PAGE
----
Artemis paves the way for quick transition to producer
It is a major milestone for smaller mining companies when they reach the stage of determining that they have a valuable asset in the ground. However, one of the most challenging aspects in making the transition from explorer to producer is financing and building the plant that will convert ore in the ground to a saleable product.
Artemis Resources (ASX: ARV) has reaped the benefits of exploration success at its Western Australian based Carlow Castle cobalt/gold/copper project in 2017. This has been reflected in its share price which has increased more than three-fold since the start of February.
However, the Carlow Castle project has now taken on a whole new dimension with management announcing on Thursday that it had acquired all of Fox Resources’ Radio Hill mining, plant and tenement assets in the Karratha area for a nominal cash payment of $2 million plus 20 million ARV shares at 10 cents per share.
The Radio Hill plant is located only 20 kilometres by road from the Carlow Castle project. With the stroke of a pen ARV has seized the opportunity to dispense with up to $100 million in upfront capital expenditure and financing costs, while paving the way for a much swifter transition to production.
Of course, those considering this stock shouldn’t make assumptions regarding exploration outcomes, nor should they base investment decisions on performances to date and should seek independent financial advice.
The Radio Hill operations are located 35 kilometres south of Karratha, and its nickel, copper and cobalt processing plant has a proven capacity of 425,000 tonnes per annum. With ARV shaping up increasingly as a prominent cobalt play the fact that the Radio Hill plant has historically produced cobalt is highly significant.
Circa $100 million in assets, permitting and negation of financing costs for $4 million
As a guide, the build cost for a plant such as Radio Hill would be at the upper end of a range between $50 million and $100 million. This doesn’t include the associated infrastructure such as mining equipment, along with tailings pits.
Add to those costs the likes of studies and permitting and it is evident that ARV’s $4 million investment is a game changing development for the group.
However, the other aspect which is difficult to quantify, but just as important in terms of valuing the assets acquired by ARV is the de-risking process. As milestones such as financing packages, completion of feasibility studies and permitting are achieved, brokers usually upgrade valuations and price targets, generally resulting in significant share price accretion.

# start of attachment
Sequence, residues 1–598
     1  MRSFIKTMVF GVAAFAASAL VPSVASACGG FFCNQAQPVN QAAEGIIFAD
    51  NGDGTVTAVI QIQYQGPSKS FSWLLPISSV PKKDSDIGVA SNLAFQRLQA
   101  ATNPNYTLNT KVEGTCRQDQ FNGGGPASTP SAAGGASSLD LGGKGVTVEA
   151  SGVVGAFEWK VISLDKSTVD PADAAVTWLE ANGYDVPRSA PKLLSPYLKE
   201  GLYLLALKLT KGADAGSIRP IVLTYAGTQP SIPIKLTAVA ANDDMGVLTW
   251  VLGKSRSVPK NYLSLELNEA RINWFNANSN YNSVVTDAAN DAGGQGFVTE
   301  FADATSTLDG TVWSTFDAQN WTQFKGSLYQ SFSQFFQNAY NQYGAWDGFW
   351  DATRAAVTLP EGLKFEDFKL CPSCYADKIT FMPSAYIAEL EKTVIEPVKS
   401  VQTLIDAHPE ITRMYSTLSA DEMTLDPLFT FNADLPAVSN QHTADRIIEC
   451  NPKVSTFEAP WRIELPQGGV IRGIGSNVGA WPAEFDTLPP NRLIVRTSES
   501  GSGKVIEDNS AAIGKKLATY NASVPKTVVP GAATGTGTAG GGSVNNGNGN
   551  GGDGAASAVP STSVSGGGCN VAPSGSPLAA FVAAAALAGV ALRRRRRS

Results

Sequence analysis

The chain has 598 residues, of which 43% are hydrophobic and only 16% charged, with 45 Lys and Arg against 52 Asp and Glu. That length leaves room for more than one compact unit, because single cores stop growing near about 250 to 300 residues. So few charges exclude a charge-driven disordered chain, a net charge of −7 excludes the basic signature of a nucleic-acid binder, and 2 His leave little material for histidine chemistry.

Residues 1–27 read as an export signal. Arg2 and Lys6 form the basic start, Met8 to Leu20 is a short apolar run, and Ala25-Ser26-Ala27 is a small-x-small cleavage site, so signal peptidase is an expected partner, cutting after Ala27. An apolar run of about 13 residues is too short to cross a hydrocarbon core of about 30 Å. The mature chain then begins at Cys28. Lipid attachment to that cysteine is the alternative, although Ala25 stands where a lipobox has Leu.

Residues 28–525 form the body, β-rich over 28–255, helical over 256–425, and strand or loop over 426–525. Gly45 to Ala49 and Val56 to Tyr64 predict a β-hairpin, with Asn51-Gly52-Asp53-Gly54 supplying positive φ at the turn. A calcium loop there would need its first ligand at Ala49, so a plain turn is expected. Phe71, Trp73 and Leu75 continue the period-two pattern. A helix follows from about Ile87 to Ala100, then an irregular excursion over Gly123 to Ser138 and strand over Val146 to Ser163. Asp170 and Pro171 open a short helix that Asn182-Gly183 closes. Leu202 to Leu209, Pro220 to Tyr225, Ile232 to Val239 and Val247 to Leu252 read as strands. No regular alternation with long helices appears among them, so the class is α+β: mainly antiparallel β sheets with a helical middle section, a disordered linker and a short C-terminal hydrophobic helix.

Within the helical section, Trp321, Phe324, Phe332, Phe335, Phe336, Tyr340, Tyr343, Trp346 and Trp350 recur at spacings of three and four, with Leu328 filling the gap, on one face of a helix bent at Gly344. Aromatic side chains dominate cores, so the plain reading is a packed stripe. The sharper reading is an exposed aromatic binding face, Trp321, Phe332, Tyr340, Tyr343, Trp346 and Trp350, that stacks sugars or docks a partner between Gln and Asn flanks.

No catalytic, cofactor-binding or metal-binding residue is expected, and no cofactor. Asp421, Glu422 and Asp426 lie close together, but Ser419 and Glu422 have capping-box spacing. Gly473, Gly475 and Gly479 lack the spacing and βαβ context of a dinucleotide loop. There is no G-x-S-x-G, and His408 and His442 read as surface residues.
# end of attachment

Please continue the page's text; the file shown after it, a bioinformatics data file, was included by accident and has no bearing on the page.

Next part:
ARV has essentially ticked a number of boxes all in one hit, each of which would normally draw a positive share price response. Whether the Radio Hill acquisition results in an immediate share price rerating remains to be seen, but it won’t be missed by analysts when they crunch the numbers in establishing a net asset valuation.
And then there is the established resource base with exploration upside
Radio Hill has an existing nickel/copper sulphide resource of circa 4 million tonnes grading 0.5% nickel and 0.9% copper which remains in the existing underground workings and mine development, and down plunge along the basal contact.
There are also stockpiles of mined material of around 300,000 tonnes, as well as processed tailings that may have reprocessing value with recent developments in technology. However, the stockpile and tailings material is non-JORC compliant, but is the result of historic mineral processing of nickel and copper ores from Radio Hill since commencement of operations in 1986.
Gaining exposure to copper and zinc at the right time
Management highlighted that exploration potential also exists at Radio Hill with drilling results indicating the prospect of a larger nickel/copper resource.
On this note, the Whundo West, Whundo Ayshia and Whundo deposits are of interest at a time when copper prices are increasing and zinc is trading near long-term highs of circa US$1.30 per pound.
While some of the resource estimates are not JORC 2012 compliant, as a guide production from the West Whundo open pit resulted in oxide and supergene copper zinc ores being mined between April and December 2006 with a total of 7400 tonnes of ore grading 5.91% copper.
Exploration in 2007 identified a resource of 1.7 million tonnes grading 1.1% copper and 0.9% zinc.
Ayshia appears highly prospective for zinc with an early stage non-JORC 2012 compliant indicated and inferred resource of more than 600,000 tonnes, including 344,000 tonnes grading 3.3% zinc in the indicated category.
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